Don’t Leave Them Behind: Educate Today’s Generation to Save Their Lives and Planet Earth

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ECW Executive Director Yasmine Sherif Statement on Earth Day

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NEW YORK, April 22, 2024 /PRNewswire/ — Every day should be Earth Day. Planet Earth gives us sustenance, nurtures our children, feeds our families and embraces us with warmth and loving grace. However, we mistreat both Mother Earth and her Children. On a daily basis. Year in, year out.

It’s a challenging road ahead. As we are currently witnessing across the globe, prolonged droughts interspersed by massive floods, heat waves, destructive cyclones, rising sea-levels and other climate-related disasters are pushing people from their homes, triggering new conflicts over scarce resources, and derailing development gains. Schools are destroyed, learning is denied and displacement grows.

Our planet is in peril. Environmental destruction means that many of today’s children may never learn to read and write, may never recover from the shocks of a disrupted education, may never witness the resplendent beauty of a coral reef, they may never hear the call of birds who risk immediate extinction, they may never find inspiration from the roar of hooves as wildebeest cross the Serengeti.

We must respond now and reverse these losses, and we need to invest in education.

However, there is a clear problem as climate change and environmental destruction are pushing more and more children out of school, especially in areas impacted by armed conflicts, forced displacement and other protracted crises. Recent analysis from Education Cannot Wait (ECW), the global fund for education in emergencies and protracted crises, indicates that 62 million crisis-affected children and adolescents have been impacted by climate shocks since 2020.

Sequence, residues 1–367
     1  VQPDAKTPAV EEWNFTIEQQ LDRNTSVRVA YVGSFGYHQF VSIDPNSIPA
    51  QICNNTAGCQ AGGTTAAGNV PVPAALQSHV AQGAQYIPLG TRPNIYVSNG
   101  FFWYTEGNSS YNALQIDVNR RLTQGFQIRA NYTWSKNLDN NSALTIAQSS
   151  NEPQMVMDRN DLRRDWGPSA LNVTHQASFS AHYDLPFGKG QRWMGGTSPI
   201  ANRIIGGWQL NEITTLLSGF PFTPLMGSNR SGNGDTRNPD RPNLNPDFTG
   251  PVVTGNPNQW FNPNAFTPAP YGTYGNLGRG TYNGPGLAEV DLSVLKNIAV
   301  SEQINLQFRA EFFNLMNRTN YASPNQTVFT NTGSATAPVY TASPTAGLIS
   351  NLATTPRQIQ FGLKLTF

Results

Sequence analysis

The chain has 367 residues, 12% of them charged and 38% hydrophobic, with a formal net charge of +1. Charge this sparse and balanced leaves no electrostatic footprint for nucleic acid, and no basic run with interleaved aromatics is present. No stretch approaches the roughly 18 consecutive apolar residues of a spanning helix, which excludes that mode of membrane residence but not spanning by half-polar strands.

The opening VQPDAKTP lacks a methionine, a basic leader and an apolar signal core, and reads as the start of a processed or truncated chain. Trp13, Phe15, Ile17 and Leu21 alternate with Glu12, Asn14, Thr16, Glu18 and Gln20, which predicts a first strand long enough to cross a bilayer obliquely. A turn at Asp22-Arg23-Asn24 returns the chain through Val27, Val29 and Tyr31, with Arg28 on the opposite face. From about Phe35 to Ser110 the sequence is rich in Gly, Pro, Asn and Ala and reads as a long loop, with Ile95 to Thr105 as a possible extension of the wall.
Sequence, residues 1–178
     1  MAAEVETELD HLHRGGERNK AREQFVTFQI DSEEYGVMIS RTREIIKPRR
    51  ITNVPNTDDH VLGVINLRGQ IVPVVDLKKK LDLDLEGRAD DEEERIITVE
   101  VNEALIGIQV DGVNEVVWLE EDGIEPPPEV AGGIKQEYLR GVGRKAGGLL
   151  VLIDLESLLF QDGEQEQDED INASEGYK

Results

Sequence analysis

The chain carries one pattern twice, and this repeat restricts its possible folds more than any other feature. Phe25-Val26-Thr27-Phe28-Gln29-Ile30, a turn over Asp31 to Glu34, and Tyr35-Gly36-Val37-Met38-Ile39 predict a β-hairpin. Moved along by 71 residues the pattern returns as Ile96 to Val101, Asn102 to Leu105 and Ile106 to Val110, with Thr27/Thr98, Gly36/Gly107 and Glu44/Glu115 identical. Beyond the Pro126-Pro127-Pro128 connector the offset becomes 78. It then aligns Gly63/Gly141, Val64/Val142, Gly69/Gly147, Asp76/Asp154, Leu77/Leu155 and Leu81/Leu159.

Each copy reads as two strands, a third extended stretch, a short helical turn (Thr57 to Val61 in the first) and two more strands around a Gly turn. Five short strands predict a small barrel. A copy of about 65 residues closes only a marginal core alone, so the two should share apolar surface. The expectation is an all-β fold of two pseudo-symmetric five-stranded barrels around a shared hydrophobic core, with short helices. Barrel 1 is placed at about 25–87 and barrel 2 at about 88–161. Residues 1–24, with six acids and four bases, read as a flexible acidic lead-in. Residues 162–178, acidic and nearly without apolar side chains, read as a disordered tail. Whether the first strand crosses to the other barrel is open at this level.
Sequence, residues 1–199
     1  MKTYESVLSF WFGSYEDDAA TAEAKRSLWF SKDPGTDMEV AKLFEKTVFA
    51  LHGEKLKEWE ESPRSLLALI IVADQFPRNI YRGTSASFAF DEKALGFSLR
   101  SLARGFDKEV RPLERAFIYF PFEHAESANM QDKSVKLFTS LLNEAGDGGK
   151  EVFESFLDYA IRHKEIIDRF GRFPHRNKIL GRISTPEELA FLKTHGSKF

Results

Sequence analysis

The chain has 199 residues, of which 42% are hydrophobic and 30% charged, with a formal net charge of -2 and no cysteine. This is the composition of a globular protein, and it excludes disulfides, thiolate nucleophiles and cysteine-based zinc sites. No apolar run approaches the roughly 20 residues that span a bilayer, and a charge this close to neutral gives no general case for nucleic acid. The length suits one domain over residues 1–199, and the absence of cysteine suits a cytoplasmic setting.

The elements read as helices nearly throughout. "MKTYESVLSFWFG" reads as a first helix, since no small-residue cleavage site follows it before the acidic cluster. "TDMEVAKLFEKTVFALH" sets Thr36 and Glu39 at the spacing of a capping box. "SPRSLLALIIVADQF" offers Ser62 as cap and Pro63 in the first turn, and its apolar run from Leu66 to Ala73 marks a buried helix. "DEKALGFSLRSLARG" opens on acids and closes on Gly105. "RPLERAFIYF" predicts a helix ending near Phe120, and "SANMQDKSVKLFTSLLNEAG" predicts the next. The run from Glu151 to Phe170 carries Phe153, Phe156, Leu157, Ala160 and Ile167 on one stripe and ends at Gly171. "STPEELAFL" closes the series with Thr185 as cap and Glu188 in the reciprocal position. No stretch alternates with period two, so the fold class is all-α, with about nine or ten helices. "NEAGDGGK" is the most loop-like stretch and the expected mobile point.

There are myriad ways education can protect Planet Earth and help us to address the climate crisis. By providing 12 years of quality education to every girl and boy – especially the ones who are most vulnerable to the impacts of climate change – we are fostering skillsets fit for the 21st century. It is our generation’s responsibility to equip children with the knowledge and skills they need to respond to and address the climate crisis, so they can survive and thrive.

As countries move toward climate-resilient economies and we make good on the commitments outlined in the Paris Agreement, this generation will be the powerhouse behind greener agriculture, climate-smart businesses and more efficient transportation. They will be the architects of the reimagined cities, economies and communities of the future.

In the classroom, children will not only learn numeric skills and literacy, but also learn about the value of environmental preservation and climate action. By providing all children – including those living in extreme poverty caused by crisis situations – with education, we can address inequality, which often forces people to make difficult environmental decisions as they have few resources. It also means that classrooms can serve as central community hubs to reduce risks from natural hazards, and as a society, we can create the necessary behavior change we need to protect our people and our planet for generations to come.